“The First Amendment is not a suggestion. We must institutionalize open and honest government in a way that not only obeys the letter of our constitution and open meetings laws, but their spirit as well … Open and transparent government is not just good public policy it can also be good politics. I believe voters are more inclined to have patience with an official they trust. They are more likely to accept a decision contrary to their view if they know the process was righteous.”
In my view, the truth of that statement alone is sufficient reason for the lawsuit filed against the Haywood County Board of Education over the closing of Central Elementary School to proceed, but most every other reason a judge might need can be found in public statements made by School Board Attorney Pat Smathers in this newspaper in May. His comments raise important concerns not only about how current elected officials discuss public issues with administrative staff, but with other elected officials, and the lawsuit could clarify that.
On May 25, The Smoky Mountain News reported that the school board’s Building and Grounds committee took Central Elementary off a list of potential sites for relocating school administration central offices because the Haywood County Board of Commissioners said they could not afford the estimated $750,000 needed to retrofit the campus for that purpose. Mr. Smathers is quoted as saying “The commissioners said we don’t have the money to move you to Central Elementary even if it were available. It has been a dead issue since then and it hasn’t even been considered.”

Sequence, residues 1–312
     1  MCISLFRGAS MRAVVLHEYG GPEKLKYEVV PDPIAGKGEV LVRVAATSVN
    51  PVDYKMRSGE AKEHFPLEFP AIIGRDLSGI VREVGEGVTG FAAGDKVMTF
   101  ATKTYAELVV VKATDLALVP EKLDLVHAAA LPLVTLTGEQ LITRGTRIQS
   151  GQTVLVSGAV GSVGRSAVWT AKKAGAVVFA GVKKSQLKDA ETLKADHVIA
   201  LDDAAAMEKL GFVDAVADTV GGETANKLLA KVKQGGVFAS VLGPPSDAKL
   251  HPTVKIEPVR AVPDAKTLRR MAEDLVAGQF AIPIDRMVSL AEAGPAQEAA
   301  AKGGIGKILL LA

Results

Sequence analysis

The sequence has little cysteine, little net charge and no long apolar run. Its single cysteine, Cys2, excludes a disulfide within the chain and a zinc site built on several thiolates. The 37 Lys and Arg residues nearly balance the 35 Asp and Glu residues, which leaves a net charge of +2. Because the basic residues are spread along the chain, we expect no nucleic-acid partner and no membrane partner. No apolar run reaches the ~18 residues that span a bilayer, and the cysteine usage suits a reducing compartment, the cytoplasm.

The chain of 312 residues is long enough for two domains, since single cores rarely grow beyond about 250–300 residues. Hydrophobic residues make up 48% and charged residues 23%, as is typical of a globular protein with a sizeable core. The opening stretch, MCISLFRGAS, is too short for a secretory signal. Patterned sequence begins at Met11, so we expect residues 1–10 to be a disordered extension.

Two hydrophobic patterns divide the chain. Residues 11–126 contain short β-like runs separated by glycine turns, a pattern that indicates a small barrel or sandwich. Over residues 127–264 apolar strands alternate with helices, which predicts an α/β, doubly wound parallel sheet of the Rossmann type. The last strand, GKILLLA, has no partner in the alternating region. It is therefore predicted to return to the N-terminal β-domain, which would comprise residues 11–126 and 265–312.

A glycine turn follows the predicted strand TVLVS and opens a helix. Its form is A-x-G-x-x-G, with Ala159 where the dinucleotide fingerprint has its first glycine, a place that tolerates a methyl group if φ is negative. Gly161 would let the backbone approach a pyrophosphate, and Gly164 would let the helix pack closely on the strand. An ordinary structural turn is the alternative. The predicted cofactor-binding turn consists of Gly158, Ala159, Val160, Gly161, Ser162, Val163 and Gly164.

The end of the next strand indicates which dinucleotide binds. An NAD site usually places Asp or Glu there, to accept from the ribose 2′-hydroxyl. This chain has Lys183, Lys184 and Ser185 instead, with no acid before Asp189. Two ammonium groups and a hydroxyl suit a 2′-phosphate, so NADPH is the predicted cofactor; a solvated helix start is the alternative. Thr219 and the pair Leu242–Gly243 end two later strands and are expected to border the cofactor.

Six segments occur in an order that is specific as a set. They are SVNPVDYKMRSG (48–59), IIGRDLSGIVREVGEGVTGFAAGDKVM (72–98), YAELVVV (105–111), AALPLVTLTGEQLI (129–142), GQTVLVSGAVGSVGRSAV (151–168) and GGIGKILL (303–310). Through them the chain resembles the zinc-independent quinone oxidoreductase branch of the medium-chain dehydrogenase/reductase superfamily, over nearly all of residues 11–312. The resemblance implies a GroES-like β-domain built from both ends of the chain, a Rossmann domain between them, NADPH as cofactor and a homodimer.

The Haywood County Board of Commissioners could not have communicated that position to the school system in any verbal or written form unless they had reached that conclusion in a public meeting. Nor could they have instructed the county manager, or other county staff, to deliver that message to the building and grounds committee if they hadn’t taken that position publicly. If the Board of Commissioners discussed costs related to Central Elementary in another context, and members of the building and grounds committee took that to mean they wouldn’t spend that amount of money for a retrofit, presumably there is a chain of discussion or correspondence that led the committee to that assumption. The lawsuit would provide much-needed insight into the specifics of that process.
In the same article, Mr. Smathers stated that Central Elementary was one of 28 sites considered for relocation of administrative offices, should the need arise. If school system administrators gathered information on 28 sites, and made recommendations to the Board of Education based on their research, all related emails, letters, memos, minutes, etc., are legitimate public records, no matter how voluminous they are. If no such records exist, how did the Board of Education make an informed decision? The lawsuit will help the public understand more about that. In a May 11 SMN article, Mr. Smathers indicated that informal discussions about closing a school had been going on for a while, but “you don’t put something out formally that you are going to close a school unless it is something you have really got to do.” The problem with Mr. Smather’s statement is that how elected officials arrive at their conclusions is just as important a part of public responsibility as when they reach their conclusions.